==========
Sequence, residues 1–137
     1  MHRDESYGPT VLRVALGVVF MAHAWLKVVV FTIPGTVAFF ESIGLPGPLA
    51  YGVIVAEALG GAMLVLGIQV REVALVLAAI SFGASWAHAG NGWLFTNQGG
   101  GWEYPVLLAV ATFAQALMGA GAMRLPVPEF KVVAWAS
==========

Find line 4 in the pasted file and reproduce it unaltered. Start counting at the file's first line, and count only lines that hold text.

   101  GWEYPVLLAV ATFAQALMGA GAMRLPVPEF KVVAWAS